• Continuous deployment: Organizations have started pushing the result of their continuous integration process further towards production. In the last three years, I’ve worked on two large projects, both of which deploy every build to a test server. The company IMVU, with it’s large customer base, deploys automatically into production roughly 50 times per day.
  • Smaller checkins: In the last issue of The Agile Toolkit George (no last name given in podcast or notes) suggest checking in every time your build is green. I’ve never worked on a project like that, but I’ve experienced a gradual increase in how frequently we check in.
Complexity (by nerovivo)
Complexity (by nerovivo)

If we extrapolate from these trends, where do they lead? Here is what I think will be the development experience of advanced teams in the future:

  1. Whenever I save a file, my (fast running) tests are run in the background.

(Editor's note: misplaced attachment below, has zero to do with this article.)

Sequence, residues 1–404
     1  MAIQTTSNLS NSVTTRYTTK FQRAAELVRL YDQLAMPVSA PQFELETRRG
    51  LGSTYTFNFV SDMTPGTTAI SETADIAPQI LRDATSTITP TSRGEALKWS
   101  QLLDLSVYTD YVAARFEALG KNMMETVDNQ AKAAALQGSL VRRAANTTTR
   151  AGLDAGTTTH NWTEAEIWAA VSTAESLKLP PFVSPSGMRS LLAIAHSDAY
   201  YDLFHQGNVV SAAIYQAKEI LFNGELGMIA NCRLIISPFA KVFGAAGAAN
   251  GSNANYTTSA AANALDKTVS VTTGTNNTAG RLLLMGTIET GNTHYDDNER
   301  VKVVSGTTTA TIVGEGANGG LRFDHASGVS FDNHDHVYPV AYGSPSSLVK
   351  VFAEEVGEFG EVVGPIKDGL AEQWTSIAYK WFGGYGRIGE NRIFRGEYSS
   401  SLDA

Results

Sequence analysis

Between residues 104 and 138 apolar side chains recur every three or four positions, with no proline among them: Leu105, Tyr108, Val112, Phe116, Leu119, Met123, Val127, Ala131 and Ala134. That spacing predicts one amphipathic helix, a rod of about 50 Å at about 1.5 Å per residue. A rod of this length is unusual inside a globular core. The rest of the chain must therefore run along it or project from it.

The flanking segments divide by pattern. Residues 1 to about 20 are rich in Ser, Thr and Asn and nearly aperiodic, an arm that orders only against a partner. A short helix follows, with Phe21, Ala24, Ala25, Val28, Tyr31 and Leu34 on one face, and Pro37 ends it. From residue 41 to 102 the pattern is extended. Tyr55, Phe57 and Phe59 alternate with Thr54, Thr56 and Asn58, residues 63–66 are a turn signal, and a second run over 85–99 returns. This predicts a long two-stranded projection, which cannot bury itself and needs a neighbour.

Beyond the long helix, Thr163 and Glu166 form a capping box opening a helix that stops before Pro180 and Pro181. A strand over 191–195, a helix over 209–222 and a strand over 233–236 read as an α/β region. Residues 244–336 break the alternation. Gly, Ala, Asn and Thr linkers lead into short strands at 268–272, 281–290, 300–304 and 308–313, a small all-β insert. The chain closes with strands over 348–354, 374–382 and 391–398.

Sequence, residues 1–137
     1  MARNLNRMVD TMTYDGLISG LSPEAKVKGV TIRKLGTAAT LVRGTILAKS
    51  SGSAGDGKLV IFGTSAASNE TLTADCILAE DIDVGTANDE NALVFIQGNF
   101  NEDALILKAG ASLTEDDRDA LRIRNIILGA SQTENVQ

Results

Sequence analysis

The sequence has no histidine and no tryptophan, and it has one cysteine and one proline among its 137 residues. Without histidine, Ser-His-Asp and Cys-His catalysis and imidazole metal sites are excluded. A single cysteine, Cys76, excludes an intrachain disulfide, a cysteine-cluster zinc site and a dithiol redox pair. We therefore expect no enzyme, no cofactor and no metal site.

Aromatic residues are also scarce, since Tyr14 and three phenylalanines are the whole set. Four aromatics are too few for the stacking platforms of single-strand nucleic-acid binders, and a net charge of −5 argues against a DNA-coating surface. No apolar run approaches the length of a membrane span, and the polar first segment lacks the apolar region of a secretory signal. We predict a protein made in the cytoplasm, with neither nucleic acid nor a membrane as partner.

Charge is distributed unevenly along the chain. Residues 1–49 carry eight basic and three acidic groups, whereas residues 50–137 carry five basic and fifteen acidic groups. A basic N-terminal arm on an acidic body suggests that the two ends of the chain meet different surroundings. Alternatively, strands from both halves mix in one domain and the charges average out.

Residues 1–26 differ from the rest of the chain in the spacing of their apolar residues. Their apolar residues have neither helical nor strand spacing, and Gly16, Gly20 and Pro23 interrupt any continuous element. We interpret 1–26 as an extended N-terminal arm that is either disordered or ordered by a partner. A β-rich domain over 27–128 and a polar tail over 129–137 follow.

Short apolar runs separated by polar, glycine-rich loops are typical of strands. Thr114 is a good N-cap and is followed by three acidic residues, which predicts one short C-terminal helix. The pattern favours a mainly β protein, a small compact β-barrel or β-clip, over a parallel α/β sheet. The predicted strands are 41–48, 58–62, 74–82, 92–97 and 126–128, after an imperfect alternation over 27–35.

2. When all the tests run successfully, my changes are pushed up to my personal clone of the repository.
    A first stage continuous integration server listens to changes from all the developers repositories. When it verifies the tests, it pushes the changes to the integrated repository.
  3. Every few minutes, my workspace is updated to reflect new changes from other developers in the integrated repository.
  4. After the integrated repository, similar build processes propagate code changes through slower, and possibly even manual tests. The verified result is stored in the staged repository.
  5. At the push of a button, I can roll the code from the staged repository into any test or production environment.